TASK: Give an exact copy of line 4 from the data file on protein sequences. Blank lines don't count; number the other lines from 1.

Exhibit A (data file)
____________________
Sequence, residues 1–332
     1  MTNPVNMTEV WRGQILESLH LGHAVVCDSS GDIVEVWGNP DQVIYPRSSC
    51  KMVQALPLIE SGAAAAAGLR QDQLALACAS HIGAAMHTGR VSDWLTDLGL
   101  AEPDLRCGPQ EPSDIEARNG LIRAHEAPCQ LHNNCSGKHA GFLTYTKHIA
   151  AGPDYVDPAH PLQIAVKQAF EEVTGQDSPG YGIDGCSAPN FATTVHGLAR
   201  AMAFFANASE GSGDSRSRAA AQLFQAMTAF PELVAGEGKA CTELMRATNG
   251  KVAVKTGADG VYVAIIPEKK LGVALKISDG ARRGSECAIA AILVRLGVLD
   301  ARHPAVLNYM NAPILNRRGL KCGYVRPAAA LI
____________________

   101  AEPDLRCGPQ EPSDIEARNG LIRAHEAPCQ LHNNCSGKHA GFLTYTKHIA